Tiger mosquito season is here, with new sightings constantly being added to Mosquito Alert’s map. The platform received 74 photos of tiger mosquitoes in May and 190 in June, along with scores of shots of breeding sites. In this interview, Sarah Delacour-Estrella, one of the entomologists who validate sightings for Mosquito Alert, talks about her life, studies and career.
What made you study biology and specialize in vectors of disease?
When I was little, I was very fond of animals and wanted to study to be a vet. At secondary school though, I discovered biology and biodiversity, and taking a degree in biology really appealed to me. My specialization just happened by itself later on. Parasitology was a subject I particularly enjoyed while studying for my degree, and I took a master’s degree in tropical diseases. Many tropical diseases are transmitted by vectors, such as the tiger mosquito. One thing led to another and Javier Lucientes, professor of animal pathology at the University of Zaragoza, suggested I join his team.
You recently completed your doctoral thesis. Tell us a little about it.
I combined writing my thesis with my work related to the Spanish Ministry of Health’s national plan for entomological surveillance for imported vectors of exotic infectious diseases in ports and airports, and surveillance of autochthonous potential vectors of such diseases, which has enabled me to monitor the tiger mosquito’s spread in Spain for many years. As lots of studies have referred to the tiger mosquito’s particular ecological and physiological plasticity, I also studied how the genetic structure of some populations detected in Spain reflects temporal and spatial aspects of the dynamics of the insect’s geographical expansion. Lastly, with new methods of controlling tiger mosquitoes being required, I carried out preliminary tests on using entomopathogenic fungi – fungi that kill insects – to that end.
Very interesting! We’ll keep an eye out for the results. Let’s talk about Mosquito Alert. You’ve been part of the team of validators since 2015. What do you get out of that?
Firstly, I consider myself lucky to be part of a project like Mosquito Alert, which has proven to be a fantastic means of monitoring tiger mosquito activity and, given its role in detecting it in new areas, the insect’s spread. I think it’s a great way of providing people with information, involving them in tackling the problem, and helping them find out very interesting things about mosquitoes. It’s also good for them to be aware of the morphological and biological differences between tiger and yellow fever mosquitoes. Mosquitoes are fascinating creatures; beautiful even, to my eyes!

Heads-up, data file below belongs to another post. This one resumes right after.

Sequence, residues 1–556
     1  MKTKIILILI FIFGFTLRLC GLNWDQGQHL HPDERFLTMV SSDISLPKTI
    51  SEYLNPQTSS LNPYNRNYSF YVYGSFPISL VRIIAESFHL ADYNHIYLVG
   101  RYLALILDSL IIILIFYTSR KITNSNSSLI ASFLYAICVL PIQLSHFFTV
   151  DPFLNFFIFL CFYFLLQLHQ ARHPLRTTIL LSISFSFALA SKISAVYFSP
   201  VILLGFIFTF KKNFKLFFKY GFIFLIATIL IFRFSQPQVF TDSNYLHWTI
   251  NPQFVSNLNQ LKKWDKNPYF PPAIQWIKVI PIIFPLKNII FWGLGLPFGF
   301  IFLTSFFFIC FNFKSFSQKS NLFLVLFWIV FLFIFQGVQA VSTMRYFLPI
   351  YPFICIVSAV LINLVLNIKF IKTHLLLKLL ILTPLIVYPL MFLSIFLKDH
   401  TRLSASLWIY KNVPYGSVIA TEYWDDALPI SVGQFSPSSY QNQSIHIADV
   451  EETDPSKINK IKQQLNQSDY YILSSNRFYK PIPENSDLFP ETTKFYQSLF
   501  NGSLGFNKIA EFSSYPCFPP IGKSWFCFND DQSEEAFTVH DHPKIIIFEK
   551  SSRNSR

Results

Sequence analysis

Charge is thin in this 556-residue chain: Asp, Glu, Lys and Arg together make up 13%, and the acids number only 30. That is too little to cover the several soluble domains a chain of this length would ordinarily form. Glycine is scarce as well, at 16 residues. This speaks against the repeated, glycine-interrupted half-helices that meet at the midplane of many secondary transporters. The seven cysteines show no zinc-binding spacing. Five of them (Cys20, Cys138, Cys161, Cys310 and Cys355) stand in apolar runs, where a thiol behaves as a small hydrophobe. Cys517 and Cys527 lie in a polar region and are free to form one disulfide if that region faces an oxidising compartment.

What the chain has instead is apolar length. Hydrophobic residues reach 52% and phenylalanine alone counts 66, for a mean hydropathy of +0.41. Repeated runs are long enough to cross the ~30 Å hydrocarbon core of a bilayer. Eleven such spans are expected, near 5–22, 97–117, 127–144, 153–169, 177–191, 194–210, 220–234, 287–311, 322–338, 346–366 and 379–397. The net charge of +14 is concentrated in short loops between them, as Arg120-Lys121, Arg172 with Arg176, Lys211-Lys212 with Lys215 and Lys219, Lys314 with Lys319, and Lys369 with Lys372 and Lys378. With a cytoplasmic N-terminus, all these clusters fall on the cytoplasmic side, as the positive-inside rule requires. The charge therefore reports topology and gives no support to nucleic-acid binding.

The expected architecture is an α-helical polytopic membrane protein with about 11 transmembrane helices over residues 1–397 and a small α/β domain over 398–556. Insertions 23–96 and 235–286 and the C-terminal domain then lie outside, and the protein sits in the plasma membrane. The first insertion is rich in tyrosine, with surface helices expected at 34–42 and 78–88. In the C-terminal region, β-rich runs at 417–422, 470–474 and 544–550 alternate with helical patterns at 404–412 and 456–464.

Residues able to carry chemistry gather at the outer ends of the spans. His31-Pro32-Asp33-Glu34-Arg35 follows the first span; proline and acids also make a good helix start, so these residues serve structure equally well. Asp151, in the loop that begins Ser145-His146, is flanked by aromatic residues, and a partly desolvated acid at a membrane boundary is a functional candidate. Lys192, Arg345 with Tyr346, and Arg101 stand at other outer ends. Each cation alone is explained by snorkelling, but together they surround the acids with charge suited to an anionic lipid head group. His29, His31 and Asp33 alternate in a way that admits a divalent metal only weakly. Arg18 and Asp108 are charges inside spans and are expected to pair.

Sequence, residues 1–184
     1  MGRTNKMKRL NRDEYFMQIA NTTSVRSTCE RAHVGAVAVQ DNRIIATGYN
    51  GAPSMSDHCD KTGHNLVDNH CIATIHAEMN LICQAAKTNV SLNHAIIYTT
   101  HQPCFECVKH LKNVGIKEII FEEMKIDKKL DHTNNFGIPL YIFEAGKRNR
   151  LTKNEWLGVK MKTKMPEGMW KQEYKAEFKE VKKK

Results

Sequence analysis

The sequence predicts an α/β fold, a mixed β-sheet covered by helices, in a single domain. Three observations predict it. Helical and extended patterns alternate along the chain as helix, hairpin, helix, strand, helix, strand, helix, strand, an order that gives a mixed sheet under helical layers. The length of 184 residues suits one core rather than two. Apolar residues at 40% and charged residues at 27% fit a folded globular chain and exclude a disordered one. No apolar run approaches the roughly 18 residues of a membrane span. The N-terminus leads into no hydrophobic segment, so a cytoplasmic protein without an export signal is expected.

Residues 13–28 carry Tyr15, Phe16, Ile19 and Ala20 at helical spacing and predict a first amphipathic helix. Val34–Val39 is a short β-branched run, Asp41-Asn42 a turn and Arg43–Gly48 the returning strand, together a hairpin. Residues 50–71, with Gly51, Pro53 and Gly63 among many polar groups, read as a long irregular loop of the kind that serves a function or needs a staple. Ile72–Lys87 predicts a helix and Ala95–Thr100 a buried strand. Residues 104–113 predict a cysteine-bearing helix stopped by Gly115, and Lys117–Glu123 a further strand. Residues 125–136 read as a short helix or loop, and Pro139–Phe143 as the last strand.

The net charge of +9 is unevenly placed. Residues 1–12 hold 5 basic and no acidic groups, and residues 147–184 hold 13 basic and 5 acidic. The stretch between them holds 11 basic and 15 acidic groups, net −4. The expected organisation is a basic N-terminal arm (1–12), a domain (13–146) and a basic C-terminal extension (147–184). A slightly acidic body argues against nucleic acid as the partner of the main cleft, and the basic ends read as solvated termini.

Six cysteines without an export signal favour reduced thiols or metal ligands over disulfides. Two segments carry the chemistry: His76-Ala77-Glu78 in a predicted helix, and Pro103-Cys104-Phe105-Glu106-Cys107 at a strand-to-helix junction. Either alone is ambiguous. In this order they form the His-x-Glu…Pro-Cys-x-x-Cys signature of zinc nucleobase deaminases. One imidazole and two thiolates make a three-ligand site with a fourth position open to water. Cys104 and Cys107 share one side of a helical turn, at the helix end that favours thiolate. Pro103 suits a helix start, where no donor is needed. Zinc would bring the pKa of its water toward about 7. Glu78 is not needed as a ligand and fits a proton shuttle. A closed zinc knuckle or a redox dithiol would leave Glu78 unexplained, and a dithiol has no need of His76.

Do you think Mosquito Alert has raised awareness of entomology and the need to study disease-transmitting mosquitoes?
I think people take an interest not so much because they’re concerned about disease transmission but more because tiger mosquitoes are aggressive, particularly bothersome intruders in their homes. That has led to plenty of interest. Mosquito Alert is also a showcase for people keen on science and photography. Some of our users’ photos are works of art.
What do you think the future holds for Mosquito Alert?
I think the authorities should get involved and promote Mosquito Alert as a means of monitoring and controlling vectors of disease. They could really benefit from making it one of their data management tools. Thanks to its real-time information, invasive species can be detected quickly, making it possible to take steps to control them and prevent them from establishing themselves.
It has been said that to beat the tiger mosquito we need to know all about it, and that’s where entomology comes in. Do you think your scientific work is still largely unknown?
There are lots of research groups related to insects and vectors of disease now, and many areas of specialization. Even so, it’s true that there aren’t many people working on identifying mosquitoes. Things are changing though, and interest in learning more about them and limiting their impact on human health around the world is constantly increasing.
Hopefully that will continue to be the case and there will be more and more people investigating disease-transmitting mosquitoes. To finish, we wanted to ask you how many female entomologists you’ve come across in your career.
I actually learned to identify mosquitoes from the finest female entomologist around, Rosario Melero, another of Mosquito Alert’s validators. From what I’ve seen in recent conferences on disease-transmitting mosquitoes, it’s an area in which more and more women are working. I think that’s positive because the same is happening in other fields of research. I’m sure many of today’s little girls will be tomorrow’s leading scientists!